Star Wars: The Force Unleashed Xbox 360 review

Can The Force Unleashed, the new Star Wars game, live up to the terrific demo? Er,,,

Feel the force...

There are moments in The Force Unleashed that just feel like pure, gaming heaven. It’s also like someone took the bits out of the Star Wars movies that you’d like to see mixed into a game, and actually made them gel for a brief, fleeting moment. Particularly in the opening mission, where you play a powered-up Darth Vader, it’s utterly brilliant fun. Vader, as you discover, has the full power of the force at his disposal, as well as a fairly brutal lightsaber. But it’s the former where all the fun is, as you liberally use The Force to send enemies hurling off in the other direction, and to move large objects around at will. If all the game’s like this, you may find yourself thinking, then this could just be one of the best things ever.

It doesn’t take long for the bubble to burst. Because this Darth Vader segment is actually a preamble to you becoming an apprentice (more to the point, Darth Vader’s secret apprentice). It’s not a long preamble, but it’s enough to make you feel as if the game has just shown you how great things could be, and then ripped it all away from you. For when you step into the shoes of said apprentice, your powers are substantially less, and need to be built up as you progress through the game.

And so off you trot, walking through graphically strong levels, bumping into locations that you’ll recognise from the films. Interestingly, the game is actually set between the two trilogies, and has a narrative that bothers to glue them together quite well, with one or two surprises as well. None of this inventing a new character in the Star Wars universe so you can go off and tell another story altogether: here, you do feel like something is added to the saga.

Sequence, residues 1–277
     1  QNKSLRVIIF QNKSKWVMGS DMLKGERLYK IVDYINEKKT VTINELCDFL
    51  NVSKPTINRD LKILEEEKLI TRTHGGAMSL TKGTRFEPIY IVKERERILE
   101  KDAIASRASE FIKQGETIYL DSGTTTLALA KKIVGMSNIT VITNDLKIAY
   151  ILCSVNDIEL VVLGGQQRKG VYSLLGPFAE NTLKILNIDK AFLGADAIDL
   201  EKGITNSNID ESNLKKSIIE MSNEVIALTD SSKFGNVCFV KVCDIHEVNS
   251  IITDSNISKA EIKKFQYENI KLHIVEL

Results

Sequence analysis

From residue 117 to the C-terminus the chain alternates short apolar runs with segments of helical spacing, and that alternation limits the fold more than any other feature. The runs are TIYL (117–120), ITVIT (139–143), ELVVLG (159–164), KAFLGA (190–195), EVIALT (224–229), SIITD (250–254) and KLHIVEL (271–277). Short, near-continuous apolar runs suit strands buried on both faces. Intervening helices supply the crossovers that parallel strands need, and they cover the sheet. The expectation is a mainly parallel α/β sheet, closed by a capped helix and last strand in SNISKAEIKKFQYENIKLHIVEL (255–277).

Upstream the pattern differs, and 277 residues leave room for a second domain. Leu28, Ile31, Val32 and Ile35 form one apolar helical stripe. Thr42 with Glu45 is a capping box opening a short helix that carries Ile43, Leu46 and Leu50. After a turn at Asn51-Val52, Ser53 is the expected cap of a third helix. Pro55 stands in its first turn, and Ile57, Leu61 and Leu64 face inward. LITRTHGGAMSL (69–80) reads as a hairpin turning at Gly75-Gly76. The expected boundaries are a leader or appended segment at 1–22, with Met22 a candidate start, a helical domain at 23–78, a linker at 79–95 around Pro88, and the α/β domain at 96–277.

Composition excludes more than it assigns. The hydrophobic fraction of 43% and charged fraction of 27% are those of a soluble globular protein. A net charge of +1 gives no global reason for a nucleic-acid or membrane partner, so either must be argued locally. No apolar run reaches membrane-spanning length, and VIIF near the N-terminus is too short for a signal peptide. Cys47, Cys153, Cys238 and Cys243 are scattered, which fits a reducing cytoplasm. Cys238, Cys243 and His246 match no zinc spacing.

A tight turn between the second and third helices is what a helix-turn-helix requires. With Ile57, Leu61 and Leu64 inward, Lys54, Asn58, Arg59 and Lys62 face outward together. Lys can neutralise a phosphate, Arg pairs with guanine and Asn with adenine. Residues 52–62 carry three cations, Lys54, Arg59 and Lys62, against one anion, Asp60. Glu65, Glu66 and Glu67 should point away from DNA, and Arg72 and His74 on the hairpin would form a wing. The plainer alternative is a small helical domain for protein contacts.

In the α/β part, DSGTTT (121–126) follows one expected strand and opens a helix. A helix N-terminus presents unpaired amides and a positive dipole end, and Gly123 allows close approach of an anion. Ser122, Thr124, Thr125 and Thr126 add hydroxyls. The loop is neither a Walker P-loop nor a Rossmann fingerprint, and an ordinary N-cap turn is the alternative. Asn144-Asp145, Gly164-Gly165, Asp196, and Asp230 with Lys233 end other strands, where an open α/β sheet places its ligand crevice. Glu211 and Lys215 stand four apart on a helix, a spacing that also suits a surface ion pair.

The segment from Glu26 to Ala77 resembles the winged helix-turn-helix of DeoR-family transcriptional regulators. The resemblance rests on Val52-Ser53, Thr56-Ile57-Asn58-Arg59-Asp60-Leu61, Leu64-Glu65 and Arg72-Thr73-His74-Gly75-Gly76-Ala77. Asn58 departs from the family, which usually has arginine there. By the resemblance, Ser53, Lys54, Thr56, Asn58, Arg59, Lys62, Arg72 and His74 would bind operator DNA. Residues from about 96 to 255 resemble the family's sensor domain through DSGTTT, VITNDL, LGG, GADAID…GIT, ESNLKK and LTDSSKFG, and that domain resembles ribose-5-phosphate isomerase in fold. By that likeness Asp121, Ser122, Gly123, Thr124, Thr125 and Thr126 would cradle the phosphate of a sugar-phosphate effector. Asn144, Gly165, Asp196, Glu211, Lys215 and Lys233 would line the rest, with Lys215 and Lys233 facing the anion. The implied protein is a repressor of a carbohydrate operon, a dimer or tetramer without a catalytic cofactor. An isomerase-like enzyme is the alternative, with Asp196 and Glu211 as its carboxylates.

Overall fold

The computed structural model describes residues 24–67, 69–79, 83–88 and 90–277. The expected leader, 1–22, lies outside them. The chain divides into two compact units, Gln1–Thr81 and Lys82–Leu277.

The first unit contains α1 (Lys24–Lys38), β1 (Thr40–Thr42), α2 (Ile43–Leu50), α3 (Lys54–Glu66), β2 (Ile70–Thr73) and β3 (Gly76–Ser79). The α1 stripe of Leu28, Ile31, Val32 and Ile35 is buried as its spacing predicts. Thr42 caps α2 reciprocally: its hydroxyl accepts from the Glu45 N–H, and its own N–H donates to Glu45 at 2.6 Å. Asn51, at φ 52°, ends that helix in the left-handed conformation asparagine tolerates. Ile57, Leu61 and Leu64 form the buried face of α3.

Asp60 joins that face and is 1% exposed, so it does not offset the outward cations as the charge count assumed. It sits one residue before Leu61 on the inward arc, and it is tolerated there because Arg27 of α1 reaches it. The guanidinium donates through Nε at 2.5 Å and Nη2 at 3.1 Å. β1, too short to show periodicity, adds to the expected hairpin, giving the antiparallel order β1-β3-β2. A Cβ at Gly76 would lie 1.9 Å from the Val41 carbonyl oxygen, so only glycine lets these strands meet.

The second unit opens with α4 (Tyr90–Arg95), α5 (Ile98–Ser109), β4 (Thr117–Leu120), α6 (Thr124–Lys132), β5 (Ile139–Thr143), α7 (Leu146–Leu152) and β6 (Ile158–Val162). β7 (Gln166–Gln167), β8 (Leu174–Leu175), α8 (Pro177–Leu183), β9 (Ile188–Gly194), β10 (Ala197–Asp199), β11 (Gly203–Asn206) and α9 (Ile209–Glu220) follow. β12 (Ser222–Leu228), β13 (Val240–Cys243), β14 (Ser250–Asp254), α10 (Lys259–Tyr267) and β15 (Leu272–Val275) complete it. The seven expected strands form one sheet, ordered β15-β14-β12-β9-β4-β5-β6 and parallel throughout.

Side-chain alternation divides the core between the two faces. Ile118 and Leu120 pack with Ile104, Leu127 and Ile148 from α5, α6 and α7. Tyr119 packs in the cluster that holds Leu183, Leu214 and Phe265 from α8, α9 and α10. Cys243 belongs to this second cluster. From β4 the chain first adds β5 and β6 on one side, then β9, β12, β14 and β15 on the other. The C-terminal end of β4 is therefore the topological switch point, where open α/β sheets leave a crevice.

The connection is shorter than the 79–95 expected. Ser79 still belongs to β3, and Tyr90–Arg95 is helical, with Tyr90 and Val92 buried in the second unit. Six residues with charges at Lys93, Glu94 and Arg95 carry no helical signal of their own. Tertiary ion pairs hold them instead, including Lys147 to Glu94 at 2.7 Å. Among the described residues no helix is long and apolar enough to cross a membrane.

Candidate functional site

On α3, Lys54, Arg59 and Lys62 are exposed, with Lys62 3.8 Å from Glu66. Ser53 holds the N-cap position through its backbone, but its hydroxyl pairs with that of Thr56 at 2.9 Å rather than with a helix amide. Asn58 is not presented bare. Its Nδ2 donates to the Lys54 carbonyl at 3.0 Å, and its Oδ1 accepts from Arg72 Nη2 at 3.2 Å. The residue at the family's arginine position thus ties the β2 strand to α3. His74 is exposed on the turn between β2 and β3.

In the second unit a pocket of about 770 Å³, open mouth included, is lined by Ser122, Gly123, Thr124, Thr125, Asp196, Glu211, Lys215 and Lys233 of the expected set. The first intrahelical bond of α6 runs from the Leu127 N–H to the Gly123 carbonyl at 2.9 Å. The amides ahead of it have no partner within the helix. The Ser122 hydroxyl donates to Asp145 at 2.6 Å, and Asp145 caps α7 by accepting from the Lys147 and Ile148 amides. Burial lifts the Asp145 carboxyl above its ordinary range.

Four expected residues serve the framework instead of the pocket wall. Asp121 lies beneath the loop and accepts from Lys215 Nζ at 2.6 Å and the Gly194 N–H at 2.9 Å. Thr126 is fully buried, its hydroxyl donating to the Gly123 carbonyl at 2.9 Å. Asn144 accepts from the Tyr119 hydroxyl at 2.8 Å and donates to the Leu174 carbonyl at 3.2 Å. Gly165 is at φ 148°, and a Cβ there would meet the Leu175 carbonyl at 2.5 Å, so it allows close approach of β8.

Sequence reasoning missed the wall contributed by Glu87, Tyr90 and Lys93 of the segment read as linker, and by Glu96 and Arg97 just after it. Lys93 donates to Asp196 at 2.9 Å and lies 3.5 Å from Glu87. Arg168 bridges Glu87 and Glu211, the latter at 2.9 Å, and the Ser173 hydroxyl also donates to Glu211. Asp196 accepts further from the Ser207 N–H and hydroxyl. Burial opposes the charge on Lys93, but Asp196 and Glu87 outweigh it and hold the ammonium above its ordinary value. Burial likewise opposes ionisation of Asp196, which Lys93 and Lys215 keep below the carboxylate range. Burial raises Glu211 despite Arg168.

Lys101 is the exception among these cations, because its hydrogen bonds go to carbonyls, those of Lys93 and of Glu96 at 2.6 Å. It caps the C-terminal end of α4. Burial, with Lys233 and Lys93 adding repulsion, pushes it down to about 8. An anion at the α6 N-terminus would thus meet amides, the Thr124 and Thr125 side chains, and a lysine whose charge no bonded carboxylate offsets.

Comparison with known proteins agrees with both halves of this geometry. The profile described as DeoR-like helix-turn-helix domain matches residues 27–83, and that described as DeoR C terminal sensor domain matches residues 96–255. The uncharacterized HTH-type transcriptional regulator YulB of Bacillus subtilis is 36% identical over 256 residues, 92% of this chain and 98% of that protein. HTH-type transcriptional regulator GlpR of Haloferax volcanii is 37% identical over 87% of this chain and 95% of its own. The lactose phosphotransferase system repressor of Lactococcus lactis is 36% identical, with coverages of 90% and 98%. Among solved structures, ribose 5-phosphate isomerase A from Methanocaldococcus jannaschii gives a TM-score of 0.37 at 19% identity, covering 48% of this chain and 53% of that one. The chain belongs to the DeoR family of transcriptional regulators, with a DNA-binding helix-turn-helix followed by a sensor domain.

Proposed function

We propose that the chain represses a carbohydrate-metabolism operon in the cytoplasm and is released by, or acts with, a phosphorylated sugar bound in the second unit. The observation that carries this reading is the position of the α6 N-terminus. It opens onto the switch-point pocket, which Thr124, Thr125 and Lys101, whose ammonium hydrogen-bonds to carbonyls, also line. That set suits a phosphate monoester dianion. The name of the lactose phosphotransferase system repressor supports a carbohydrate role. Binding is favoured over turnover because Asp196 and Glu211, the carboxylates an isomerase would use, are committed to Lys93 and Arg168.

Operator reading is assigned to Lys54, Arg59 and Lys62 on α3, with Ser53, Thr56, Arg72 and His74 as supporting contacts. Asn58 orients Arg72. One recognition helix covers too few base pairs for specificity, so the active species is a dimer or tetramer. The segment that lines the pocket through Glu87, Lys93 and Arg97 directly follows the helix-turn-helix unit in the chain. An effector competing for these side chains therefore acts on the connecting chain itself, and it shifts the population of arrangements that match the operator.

The game, however, soon starts to plod, and for a variety of reasons. Firstly, for combat purposes you’ll be relying quite a lot on your lightsaber, but it’s, paradoxically, the bluntest tool you’re given. All it lends itself to is a frenzy of button mashing, with little in the way of skill needed to wave it around convincingly or effectively. So instead, you come to The Force, which is a little fiddly at times, and does take a while to build up. Furthermore, at close distances, it too can be frustrating to use, although when there is a bit of distance between you and your foe, it’s brilliant to use. Finally, there are those sequences on boss battles where you need to press the button it tells you to on screen. Pur-lease. What happened to some good old fashioned combo fighting? What couldn’t we have more of that?

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It should be noted too that Star Wars purists aren’t going to take kindly to The Force being blocked in certain places. It works as a mechanic to level out the game for a bit, but it doesn’t feel very Star Wars.

That said, the game does need some levelling, simply because it’s not very hard at all. The level design feels quite basic, and in place of clever little tricks to keep you on your toes, the developers too frequently just fill the space with lots of people to fight. This, it has to be said, is an easy trick, but a very entertaining one. And while you’re always aware that it’s papering over the cracks a little, it’s a fun way to do it. Things too, it should be pointed out, ramp up when you get near the end.Star Wars: The Force Unleashed is ultimately a bit of a frustrating beast, because for all our grumbles, it is a good ‘un to play, and it does capture the feel of Star Wars very well. It’s a pity that the developers got the visuals, audio and physics mechanics in place, and then pulled back a little bit when it came to the game in the midst of all of it. Yet when you’re in the midst of dispensing the finest powers The Force allows, it is hard to get too wound up about it, with the best option instead being to sit back and enjoy a shallow, glossy but regularly entertaining virtual trip into the Star Wars universe. It might be far from perfect, but it sure does entertain.

3 stars
 

Rating:

3 out of 5